testamentary trust

A testamentary trust (sometimes referred to as a will trust or trust under the will) is a trust which arises upon the death of the trustor, and which is specified in his or her will. The three parties involved in a testamentary trust are:

  • The trustor - Person who specifies that the trust is created and contributes property to the trust, usually as a part of his or her will.
  • The trustee – This is the person who administers the will as per the instructions in the will.
  • The beneficiary(s) – This is the person or persons who will benefit from the assets held by the trust.

Effectively on the date of death, certain of the deceased’s assets pass across to a testamentary trust where they are held on behalf of beneficiaries. The advantages of a testamentary trust include:

  • Minor beneficiaries (i.e. under 18 years of age) are not taxed at penalty tax rates on any income distributed to them from the trust. Instead, they are taxed at the adult marginal tax rates so benefit from the $18,200 tax-free threshold.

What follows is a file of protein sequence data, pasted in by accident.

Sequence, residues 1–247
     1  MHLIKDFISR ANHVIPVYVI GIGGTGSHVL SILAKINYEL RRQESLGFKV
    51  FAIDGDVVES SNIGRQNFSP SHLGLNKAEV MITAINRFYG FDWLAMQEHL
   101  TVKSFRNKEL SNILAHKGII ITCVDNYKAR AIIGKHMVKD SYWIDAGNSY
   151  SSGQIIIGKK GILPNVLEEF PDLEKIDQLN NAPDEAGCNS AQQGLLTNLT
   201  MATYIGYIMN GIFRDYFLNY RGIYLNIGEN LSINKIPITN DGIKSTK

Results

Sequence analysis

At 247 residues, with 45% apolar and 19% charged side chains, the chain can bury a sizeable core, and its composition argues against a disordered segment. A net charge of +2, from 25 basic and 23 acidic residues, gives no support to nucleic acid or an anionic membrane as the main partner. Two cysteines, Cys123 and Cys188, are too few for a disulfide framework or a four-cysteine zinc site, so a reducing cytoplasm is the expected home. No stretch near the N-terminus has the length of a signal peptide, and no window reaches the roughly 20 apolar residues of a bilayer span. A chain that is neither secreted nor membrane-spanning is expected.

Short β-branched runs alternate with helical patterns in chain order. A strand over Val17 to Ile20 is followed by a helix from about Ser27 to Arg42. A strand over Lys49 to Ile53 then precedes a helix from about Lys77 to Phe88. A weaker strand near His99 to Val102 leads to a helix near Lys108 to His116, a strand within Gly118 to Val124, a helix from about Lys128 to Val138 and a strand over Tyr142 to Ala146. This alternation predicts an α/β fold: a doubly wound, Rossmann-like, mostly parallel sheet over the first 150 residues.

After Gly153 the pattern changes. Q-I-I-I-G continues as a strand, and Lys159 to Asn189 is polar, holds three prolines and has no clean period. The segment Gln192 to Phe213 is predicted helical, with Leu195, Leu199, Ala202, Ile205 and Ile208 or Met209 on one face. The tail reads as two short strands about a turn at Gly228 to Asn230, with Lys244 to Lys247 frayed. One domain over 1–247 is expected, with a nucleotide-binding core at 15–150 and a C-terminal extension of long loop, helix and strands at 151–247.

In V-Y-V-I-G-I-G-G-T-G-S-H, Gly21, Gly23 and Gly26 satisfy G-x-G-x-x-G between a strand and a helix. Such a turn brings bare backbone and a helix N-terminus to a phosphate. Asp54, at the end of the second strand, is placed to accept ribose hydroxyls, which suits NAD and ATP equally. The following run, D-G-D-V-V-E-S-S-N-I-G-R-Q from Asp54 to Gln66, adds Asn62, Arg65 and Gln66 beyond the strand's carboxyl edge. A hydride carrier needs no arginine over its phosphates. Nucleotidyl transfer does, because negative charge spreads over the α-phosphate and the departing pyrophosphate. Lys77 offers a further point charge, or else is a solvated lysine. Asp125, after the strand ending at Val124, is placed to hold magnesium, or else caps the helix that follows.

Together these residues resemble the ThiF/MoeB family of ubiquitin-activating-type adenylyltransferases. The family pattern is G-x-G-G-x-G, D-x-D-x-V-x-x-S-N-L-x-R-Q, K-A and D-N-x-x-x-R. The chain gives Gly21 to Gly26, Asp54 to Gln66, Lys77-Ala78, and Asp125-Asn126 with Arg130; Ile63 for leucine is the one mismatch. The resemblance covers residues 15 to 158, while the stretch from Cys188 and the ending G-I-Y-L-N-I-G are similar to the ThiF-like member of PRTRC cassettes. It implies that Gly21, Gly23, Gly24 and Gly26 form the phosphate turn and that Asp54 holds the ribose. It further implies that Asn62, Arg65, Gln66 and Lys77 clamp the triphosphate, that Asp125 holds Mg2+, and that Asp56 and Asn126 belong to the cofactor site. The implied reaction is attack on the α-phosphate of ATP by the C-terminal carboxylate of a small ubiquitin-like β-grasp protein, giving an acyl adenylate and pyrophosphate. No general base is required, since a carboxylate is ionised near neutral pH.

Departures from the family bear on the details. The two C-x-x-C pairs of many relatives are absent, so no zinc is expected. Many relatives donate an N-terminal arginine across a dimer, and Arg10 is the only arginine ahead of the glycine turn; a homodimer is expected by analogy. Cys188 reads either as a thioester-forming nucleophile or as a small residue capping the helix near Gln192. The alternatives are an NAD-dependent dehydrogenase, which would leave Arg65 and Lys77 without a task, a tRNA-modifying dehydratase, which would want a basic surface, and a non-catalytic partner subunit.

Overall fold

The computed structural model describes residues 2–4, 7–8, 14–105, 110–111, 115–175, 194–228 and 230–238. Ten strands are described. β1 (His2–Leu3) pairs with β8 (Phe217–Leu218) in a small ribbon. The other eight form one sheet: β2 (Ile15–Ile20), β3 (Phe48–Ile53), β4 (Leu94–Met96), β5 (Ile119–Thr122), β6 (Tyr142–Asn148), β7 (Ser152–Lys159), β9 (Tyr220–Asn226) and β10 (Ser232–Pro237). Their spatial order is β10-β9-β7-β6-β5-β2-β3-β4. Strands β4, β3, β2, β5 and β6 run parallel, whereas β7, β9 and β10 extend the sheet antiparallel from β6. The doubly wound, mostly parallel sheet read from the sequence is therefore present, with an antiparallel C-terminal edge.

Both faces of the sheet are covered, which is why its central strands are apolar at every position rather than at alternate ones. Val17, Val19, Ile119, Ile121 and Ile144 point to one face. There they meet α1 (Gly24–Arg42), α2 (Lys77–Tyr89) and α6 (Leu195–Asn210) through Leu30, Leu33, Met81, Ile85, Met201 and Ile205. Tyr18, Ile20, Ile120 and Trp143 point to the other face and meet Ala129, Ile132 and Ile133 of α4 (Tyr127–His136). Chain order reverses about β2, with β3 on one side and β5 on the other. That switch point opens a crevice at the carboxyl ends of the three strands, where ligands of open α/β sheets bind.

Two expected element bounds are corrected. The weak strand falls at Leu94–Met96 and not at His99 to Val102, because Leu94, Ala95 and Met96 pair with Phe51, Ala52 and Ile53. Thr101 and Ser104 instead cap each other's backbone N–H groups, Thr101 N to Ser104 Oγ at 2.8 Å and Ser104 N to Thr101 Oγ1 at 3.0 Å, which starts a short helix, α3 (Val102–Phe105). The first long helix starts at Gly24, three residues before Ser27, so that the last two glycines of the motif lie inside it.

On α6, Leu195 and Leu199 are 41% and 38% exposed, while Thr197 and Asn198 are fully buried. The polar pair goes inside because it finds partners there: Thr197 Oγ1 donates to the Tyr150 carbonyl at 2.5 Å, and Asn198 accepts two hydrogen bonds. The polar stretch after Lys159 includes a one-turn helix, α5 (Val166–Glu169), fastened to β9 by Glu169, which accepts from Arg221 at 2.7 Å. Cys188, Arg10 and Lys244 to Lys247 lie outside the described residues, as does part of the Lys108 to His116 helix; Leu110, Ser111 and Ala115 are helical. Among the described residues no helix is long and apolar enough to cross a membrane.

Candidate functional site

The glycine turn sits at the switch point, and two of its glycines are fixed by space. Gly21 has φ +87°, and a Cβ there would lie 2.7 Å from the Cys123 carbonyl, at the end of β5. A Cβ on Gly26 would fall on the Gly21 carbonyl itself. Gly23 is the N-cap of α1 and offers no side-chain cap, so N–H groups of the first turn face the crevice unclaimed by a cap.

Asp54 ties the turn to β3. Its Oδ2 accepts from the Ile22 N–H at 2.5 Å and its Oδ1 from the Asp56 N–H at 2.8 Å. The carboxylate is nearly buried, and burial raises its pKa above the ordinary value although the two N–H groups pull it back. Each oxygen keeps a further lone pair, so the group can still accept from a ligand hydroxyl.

• No CGT when assets pass to beneficiaries.
  • Income splitting and income streaming opportunities.
  • Protects assets from creditors and vulnerable beneficiaries.

  1. Determine whether a testamentary trust is beneficial.
  2. Have a solicitor incorporate a testamentary trust into the will of the trustor - Optimum structure to allow grandparents to transfer assets on their death to their grandchildren in a tax-effective manner (even if the children are under 18).

Should you use a testamentary trust will?